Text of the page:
Top 5 Pakistani movies of the year

2016 was a good year for Pakistani cinema.
Updated 12 Dec, 2016 01:52pm

Walking into the cinema and watching a Pakistani movie doing well is indeed a joyous occasion. Pakistani cinema’s revival is a milestone that has successfully been achieved in a short span of time. And with this year’s back-to-back releases we can proudly say that Pakistan doesn't lack her entertainment quotient.

Read: "Pakistani cinemas need Bollywood films," says Humayun Saeed

With the year almost coming to an end, we can’t help but reminisce the good movies 2016 has produced. Shortlisting the best out of the many, here are our top five picks of the year that resonated with the audiences and left us wanting for more:


The romantic-comedy Janaan narrates a story of finding relationships through its protagonist Meena (Armeena Khan), a Pakistani Pukhtoon girl who is studying in Canada and is well grounded with her native values. On her arrival in the scenic valleys of Swat for her cousin Palwasha’s (Hania Amir) wedding, the movie takes us to an ode to Swat’s identity and heritage. We follow her journey as she lands and meets her cousins, Daniyal (Ali Rehman Khan) and Asfandyar (Bilal Ashraf). But soon her life drastically changes, leaving us glued to the plot-writing and camera technique.


Bachaana is a story of two people, Aalia (Sanam Saeed) and Vicky (Mohib Mirza) from India and Pakistan, respectively. Aalia nudges into awareness when she gets to know her husband, Jahangir (Adeel Hashmi) is a drug dealer. In the midst of a chaotic situation, Aalia relies on the only person she knows in Mauritius, Vicky who is a taxi driver and a person with a golden heart. Vicky agrees on helping Aalia and the story takes us through bumps and turns, keeping us hooked till the end.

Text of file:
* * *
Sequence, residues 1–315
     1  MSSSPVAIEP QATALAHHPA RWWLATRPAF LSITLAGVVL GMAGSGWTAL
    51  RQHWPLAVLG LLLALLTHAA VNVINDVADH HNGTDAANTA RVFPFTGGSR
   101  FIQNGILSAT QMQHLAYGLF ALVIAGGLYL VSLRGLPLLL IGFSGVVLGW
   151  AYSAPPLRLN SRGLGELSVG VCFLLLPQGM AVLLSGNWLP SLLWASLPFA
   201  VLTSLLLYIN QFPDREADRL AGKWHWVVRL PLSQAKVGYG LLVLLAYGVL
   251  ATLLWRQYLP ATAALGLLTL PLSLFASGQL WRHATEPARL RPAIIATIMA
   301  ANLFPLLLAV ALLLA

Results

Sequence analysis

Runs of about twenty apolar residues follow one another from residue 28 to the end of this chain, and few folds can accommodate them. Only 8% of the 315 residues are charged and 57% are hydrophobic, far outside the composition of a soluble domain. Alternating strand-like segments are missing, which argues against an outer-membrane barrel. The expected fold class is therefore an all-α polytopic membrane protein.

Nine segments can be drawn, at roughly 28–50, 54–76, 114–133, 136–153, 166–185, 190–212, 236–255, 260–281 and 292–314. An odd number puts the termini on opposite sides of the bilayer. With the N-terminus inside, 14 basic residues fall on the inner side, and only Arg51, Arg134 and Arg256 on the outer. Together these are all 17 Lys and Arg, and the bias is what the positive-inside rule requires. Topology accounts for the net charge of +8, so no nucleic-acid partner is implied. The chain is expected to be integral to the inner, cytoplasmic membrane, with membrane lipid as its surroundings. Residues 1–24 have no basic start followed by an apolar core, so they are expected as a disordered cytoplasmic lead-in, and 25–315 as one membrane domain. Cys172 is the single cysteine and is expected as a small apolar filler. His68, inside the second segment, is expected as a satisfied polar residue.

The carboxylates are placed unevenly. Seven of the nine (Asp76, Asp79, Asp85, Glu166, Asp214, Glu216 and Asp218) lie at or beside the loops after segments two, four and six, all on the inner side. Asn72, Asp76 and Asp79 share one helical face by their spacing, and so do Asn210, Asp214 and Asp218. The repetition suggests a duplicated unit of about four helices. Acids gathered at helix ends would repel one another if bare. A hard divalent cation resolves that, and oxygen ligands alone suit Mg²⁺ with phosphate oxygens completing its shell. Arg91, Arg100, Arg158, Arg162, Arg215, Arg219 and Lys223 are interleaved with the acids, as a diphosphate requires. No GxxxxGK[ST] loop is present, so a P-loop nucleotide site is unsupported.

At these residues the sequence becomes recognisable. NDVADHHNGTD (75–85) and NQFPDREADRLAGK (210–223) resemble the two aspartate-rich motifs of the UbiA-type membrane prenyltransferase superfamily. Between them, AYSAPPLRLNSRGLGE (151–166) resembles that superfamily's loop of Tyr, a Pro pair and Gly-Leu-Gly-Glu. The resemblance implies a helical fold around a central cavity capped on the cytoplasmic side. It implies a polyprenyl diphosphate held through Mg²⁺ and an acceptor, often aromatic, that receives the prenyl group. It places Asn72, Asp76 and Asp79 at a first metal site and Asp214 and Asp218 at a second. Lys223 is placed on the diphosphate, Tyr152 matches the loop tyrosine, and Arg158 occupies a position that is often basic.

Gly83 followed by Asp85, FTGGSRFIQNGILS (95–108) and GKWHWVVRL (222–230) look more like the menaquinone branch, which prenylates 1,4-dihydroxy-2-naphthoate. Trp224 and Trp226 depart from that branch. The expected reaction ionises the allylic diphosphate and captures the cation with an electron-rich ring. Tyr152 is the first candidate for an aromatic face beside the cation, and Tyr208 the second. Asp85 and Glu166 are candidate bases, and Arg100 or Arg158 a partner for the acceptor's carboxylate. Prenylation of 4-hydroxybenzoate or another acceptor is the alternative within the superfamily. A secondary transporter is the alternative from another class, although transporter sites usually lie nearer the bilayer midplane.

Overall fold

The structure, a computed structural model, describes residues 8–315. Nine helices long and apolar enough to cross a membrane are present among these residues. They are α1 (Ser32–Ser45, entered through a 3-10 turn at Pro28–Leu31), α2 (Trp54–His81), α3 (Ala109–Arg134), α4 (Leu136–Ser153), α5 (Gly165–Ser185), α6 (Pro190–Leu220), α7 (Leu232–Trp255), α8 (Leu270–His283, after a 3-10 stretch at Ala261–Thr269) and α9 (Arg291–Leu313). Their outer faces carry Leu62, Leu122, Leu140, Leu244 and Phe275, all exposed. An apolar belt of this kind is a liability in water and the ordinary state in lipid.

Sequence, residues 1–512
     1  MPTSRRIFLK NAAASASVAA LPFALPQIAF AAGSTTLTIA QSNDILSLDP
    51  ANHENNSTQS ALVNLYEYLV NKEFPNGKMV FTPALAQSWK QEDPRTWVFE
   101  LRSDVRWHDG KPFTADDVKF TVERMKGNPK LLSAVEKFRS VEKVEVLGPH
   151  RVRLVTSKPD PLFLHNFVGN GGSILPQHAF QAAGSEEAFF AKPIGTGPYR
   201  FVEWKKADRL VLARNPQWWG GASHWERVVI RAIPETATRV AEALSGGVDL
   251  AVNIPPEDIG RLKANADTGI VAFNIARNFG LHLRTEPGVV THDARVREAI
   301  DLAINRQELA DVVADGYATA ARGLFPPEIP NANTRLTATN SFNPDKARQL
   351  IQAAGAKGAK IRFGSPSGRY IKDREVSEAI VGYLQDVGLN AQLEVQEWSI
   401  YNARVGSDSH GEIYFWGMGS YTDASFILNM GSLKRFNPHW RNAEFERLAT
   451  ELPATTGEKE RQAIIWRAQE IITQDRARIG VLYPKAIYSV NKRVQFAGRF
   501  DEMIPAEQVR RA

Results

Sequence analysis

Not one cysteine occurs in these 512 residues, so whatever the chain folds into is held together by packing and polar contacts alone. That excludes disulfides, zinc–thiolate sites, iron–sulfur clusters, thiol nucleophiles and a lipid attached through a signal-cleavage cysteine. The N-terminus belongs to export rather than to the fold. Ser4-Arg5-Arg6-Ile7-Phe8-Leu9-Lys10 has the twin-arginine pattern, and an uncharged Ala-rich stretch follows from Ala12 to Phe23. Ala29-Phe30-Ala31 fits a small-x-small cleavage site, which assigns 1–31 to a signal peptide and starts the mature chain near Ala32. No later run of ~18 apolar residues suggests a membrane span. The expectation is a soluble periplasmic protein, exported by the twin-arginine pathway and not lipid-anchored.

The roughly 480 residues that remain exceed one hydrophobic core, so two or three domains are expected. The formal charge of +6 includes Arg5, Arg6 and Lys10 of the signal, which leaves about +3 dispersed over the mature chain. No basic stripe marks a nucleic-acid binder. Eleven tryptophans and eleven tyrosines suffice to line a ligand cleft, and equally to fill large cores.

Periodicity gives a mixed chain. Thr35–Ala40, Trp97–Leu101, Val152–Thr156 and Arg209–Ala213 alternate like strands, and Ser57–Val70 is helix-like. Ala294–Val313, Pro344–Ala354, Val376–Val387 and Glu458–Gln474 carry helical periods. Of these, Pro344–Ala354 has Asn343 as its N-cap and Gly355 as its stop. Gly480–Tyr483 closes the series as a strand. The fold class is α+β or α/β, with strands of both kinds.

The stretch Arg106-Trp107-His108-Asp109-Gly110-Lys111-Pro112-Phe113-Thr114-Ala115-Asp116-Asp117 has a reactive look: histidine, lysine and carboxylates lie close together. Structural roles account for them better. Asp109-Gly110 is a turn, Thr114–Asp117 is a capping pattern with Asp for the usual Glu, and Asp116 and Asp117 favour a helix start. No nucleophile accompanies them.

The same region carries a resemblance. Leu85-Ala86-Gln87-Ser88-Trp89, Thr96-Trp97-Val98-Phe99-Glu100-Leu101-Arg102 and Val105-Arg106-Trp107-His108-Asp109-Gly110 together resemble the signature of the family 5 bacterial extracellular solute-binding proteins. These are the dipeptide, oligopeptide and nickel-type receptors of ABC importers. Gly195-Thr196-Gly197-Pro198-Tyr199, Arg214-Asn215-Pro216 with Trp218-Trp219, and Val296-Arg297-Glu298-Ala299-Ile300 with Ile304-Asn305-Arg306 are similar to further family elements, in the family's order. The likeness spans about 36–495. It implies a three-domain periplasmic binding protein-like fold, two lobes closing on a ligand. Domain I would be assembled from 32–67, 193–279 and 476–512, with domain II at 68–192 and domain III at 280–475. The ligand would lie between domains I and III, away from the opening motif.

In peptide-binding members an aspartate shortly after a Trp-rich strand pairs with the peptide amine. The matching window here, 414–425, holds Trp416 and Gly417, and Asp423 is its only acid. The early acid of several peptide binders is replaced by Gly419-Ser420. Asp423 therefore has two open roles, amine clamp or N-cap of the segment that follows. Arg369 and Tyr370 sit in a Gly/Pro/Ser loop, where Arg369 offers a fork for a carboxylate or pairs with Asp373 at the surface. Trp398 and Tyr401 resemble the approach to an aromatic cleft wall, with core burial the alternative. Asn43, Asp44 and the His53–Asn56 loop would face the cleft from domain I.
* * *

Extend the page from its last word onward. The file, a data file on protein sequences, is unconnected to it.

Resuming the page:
Actor in Law

Revolving around the narrative of Shan Mirza (Fahad Mustafa), a struggling actor whose dreams of becoming one of Pakistan’s biggest superstars seem to be failing day-by-day with small roles and no money, the film takes us on a journey of misadventures. We find Shan in a series of unfortunate events as his honorable yet unsuccessful lawyer father Rafaqat Mirza (Om Puri) departs for pilgrimage, leaving behind an accidental opportunity for Shan; his law practice.


Mah-e-Mir beautifully draws parallels between the contemporary poet Jamal (Fahad Mustafa) and Mir Taqi Mir’s life. Jamal doesn’t relish the thought of admiring nature and tries to find the reason behind every thought. Fahad manages to steal the show as the movie progresses with his dramatic monologues, convincing acting and meaningful expressions, leaving us captivated.

Dobara phir se

Narrating the story of Zainab (Hareem Farooq), an independent woman going through a troubled marriage with her husband (Shaaz Khan), Dobara Phir Se is a journey of heartbreak, romance and tribulations. The twists and turns in Zainab’s life accompanied by a chance meet-up with Hammad (Adeel Hussain), who is introduced by her friends Samar (Sanam Saeed) and Vasay (Ali Kazmi), renders the plot into a modest two-hour long piece of visual magnificence.

We wish to see many more blockbusters in the coming year and hope the Pakistani film industry’s revival continues to accelerate at a steady pace.